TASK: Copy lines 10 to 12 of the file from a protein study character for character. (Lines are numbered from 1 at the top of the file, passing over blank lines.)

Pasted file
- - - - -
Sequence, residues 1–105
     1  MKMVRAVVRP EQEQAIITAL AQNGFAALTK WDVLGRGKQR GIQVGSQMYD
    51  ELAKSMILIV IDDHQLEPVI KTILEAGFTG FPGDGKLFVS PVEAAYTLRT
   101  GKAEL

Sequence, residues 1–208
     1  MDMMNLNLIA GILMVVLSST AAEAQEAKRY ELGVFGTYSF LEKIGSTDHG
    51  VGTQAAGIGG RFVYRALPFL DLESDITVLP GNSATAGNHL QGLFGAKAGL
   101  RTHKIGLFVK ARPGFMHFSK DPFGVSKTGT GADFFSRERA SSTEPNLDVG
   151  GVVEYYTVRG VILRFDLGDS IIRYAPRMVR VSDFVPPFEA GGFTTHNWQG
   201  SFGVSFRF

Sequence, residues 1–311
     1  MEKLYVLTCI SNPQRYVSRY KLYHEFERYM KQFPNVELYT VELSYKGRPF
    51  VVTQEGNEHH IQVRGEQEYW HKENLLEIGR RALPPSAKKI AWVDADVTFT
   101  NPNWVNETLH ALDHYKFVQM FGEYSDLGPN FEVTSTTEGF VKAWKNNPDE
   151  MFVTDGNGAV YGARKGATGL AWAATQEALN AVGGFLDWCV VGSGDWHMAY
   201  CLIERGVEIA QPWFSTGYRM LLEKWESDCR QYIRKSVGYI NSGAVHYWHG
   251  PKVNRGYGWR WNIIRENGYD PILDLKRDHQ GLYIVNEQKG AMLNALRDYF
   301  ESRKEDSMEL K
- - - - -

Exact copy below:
   201  SFGVSFRF

Sequence, residues 1–311
     1  MEKLYVLTCI SNPQRYVSRY KLYHEFERYM KQFPNVELYT VELSYKGRPF